Promyelocytic leukemia (PML) is the organizer of nuclear matrix domains, PML nuclear bodies (NBs), with a proposed role in apoptosis control. In acute promyelocytic leukemia, PML/retinoic acid receptor (RAR) α expression disrupts NBs, but therapies such as retinoic acid or arsenic trioxide (As2O3) restore them. PML is conjugated by the ubiquitin-related peptide SUMO-1, a process enhanced by As2O3 and proposed to target PML to the nuclear matrix. We demonstrate that As2O3 triggers the proteasome-dependent degradation of PML and PML/RARα and that this process requires a specific sumolation site in PML, K160. PML sumolation is dispensable for its As2O3-induced matrix targeting and formation of primary nuclear aggregates, but is required for the formation of secondary shell-like NBs. Interestingly, only these mature NBs harbor 11S proteasome components, which are further recruited upon As2O3 exposure. Proteasome recruitment by sumolated PML only likely accounts for the failure of PML-K160R to be degraded. Therefore, studying the basis of As2O3-induced PML/RARα degradation we show that PML sumolation directly or indirectly promotes its catabolism, suggesting that mature NBs could be sites of intranuclear proteolysis and opening new insights into NB alterations found in viral infections or transformation.

Introduction

The promyelocytic leukemia (PML) gene was initially characterized through its implication in the t(15;17) translocation specific for acute promyelocytic leukemia (APL), which yields a PML/retinoic acid receptor (RAR) α fusion protein 1. A member of the RING-B-box-coiled-coil (RBCC) protein family, PML contains three zinc finger-like domains (a RING finger and two B boxes) and a coiled–coil dimerization domain. Although RBCC proteins have features of molecular adaptors, they have not been assigned a common function. Yet, the presence of a RING finger could point to an implication in ubiquitin conjugation 2. PML knockout mice are viable but susceptible to some infections and tumor development, possibly as the consequence of their apoptosis resistance 3,4. Conversely, PML overexpression was shown to induce growth arrest, apoptosis, or senescence 5,6,7,8. PML was proposed to modulate transcription through a direct interaction with CBP, Daxx, and/or another RBCC family member, TIF1α 9,10,11,12. A number of PML isoforms are generated through alternative splicing in the 3′ region mRNA 13.

A fraction of PML is nucleoplasmic, the rest being located on discrete subnuclear matrix-associated structures, the PML nuclear bodies (NBs; 14,15,16,17,18). PML appears to be the organizer for NBs, targeting proteins such as Sp100, CBP, or Daxx onto these domains 19,20. Disruption of PML NBs has been observed in a variety of disease processes such as neurodegenerative disorders, virus infections, or APL 18. In the latter, PML/RARα expression dominantly delocalizes NB-associated proteins towards microspeckles. Exposure to two therapeutic agents, retinoic acid (RA) or arsenic trioxide (As2O3), results in the degradation of the PML/RARα fusion and accordingly restores NB structure, linking NBs integrity to disease status. PML delocalization by PML/RARα promotes apoptosis resistance, while NB targeting of PML favors cell death 5,8. Similarly, the wild-type PML alleles oppose leukemogenesis in PML/RARα transgenic mice 21.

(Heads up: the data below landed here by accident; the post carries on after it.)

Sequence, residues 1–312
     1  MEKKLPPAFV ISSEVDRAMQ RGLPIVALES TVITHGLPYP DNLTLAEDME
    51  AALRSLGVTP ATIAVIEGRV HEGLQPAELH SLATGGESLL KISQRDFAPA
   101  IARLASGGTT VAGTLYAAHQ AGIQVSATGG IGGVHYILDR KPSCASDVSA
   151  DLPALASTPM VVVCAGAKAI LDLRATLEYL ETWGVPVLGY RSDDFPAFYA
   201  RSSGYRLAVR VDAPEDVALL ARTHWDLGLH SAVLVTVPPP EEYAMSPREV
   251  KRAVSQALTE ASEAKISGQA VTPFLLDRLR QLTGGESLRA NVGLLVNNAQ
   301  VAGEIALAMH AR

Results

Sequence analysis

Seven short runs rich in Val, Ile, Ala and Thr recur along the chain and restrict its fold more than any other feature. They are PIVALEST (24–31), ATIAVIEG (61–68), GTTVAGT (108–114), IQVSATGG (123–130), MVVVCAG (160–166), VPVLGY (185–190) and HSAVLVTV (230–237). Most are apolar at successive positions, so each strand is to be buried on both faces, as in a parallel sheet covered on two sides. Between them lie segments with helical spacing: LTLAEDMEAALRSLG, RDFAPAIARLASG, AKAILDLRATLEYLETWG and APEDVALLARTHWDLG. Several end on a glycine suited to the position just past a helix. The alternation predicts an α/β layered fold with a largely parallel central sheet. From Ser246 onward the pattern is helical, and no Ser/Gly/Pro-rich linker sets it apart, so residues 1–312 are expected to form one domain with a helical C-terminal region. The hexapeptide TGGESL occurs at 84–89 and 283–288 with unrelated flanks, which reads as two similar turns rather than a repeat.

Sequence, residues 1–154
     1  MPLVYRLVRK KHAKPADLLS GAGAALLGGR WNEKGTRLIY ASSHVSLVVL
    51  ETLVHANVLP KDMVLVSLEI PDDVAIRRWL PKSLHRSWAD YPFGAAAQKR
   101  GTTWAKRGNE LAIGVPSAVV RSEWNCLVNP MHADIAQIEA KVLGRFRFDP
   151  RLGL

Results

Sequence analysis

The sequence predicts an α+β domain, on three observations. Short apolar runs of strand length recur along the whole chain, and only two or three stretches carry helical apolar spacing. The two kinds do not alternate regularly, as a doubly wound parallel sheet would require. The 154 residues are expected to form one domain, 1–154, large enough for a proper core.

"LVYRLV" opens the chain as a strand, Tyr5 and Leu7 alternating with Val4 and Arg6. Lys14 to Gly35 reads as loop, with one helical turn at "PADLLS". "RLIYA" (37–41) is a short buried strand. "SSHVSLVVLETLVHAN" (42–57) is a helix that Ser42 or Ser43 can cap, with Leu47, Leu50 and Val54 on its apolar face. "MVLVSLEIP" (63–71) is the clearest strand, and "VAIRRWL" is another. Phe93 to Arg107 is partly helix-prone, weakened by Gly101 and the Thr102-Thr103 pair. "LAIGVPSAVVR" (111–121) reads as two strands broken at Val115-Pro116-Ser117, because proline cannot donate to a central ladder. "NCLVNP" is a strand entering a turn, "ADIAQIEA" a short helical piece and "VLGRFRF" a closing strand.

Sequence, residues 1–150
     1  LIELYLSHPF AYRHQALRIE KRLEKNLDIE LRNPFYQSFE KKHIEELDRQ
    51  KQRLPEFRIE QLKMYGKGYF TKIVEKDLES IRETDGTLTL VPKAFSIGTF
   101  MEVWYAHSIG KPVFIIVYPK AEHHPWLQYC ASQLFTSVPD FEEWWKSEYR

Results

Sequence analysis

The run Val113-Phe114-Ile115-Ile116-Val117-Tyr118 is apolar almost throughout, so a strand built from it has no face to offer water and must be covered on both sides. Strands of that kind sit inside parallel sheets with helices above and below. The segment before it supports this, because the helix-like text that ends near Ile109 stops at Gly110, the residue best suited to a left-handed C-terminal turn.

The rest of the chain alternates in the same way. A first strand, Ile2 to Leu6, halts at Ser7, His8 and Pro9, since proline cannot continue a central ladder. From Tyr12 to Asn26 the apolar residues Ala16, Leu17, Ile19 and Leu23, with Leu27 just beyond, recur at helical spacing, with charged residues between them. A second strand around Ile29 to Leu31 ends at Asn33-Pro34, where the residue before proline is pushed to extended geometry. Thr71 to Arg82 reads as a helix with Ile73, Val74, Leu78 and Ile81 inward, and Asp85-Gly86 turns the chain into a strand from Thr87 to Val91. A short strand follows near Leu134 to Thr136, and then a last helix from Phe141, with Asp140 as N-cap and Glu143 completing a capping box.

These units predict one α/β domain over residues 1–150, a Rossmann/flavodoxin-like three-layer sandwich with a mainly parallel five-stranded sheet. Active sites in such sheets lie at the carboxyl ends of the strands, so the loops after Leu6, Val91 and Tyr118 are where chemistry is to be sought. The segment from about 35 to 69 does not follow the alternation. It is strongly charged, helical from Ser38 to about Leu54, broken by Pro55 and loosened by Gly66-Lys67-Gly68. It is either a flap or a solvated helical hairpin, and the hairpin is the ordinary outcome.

PML is covalently modified by SUMO-1, a ubiquitin-like polypeptide also known as sentrin-1, UBL-1, or PIC-1. SUMO-1 can be conjugated onto a variety of proteins including p53, IκB, Sp100, PML, and RanGAP. Like ubiquitin, SUMO-1 covalently binds lysine residues of target proteins in an ATP-dependent reaction requiring the E2-conjugating enzyme UBC9. In the case of RanGAP-1, the unmodified protein is cytoplasmic, while sumolated RanGAP-1 binds to the nuclear pore 22. For IκB, SUMO-1 appears to compete with ubiquitin for modification of the same target lysine, inhibiting proteasome-dependent IκB degradation 23. Thus, SUMO-1 seems to modulate the conformation of its target proteins rather than induce their degradation. Three major sites of SUMO-1 modification were identified in PML: K65 in the RING finger; K160 in the first B-box; and K490 in the nuclear localization signal (NLS; references 24 and 25). It was strongly suggested that these modifications, which are rapidly enhanced by As2O3, are critical for PML targeting onto the nuclear matrix and recruitment of NB-associated proteins 10,20,26, which in turn, was suggested to contribute to apoptosis induction 27 or transcriptional regulation 28.

As2O3-induced PML/RARα degradation is the likely basis of its clinical efficacy in APL. We demonstrate that As2O3 induces sumolation and proteasome-dependent degradation of PML or PML/RARα. A single SUMO conjugation site in PML is required for the formation of “mature” shell-like bodies and proteasome recruitment as well as PML degradation, providing the first examples of both SUMO-promoted degradation and NB-associated proteolysis.

Materials And Methods

Plasmids and Mutagenesis.

His tag (C ATG CAT CAC CAC CAT CAC CAT TC) and SV40-NLS (C ATG GCGCT CCC AAA AAG AAA AGA AAG GT) annealed oligonucleotides were cloned into the ATG-NcoI site of PML-pSG5 plasmid. K-A(65/67) and K-R(487/490) PML mutants were cloned into His-(NLS)-PML-pSG5 plasmids. COOH-terminal deletions and mutagenesis were performed on His-(NLS)-PML-pSG5 plasmids using a pfuTurbo DNA polymerase mutagenesis kit (Stratagene). Wild-type K-R(160), K-R(160/490) (2K), and K-R(65/160/490) (3K) PML mutants were cloned in pcDNA4 (Invitrogen) for tetracycline inducible PML−/− cell transfection and in MSCVneo plasmid for retroviral infections. Ubiquitin gene was tagged by influenza hemagglutinin (HA) in pSG5 plasmid.

Cell Lines, Cell Culture, and Transfections.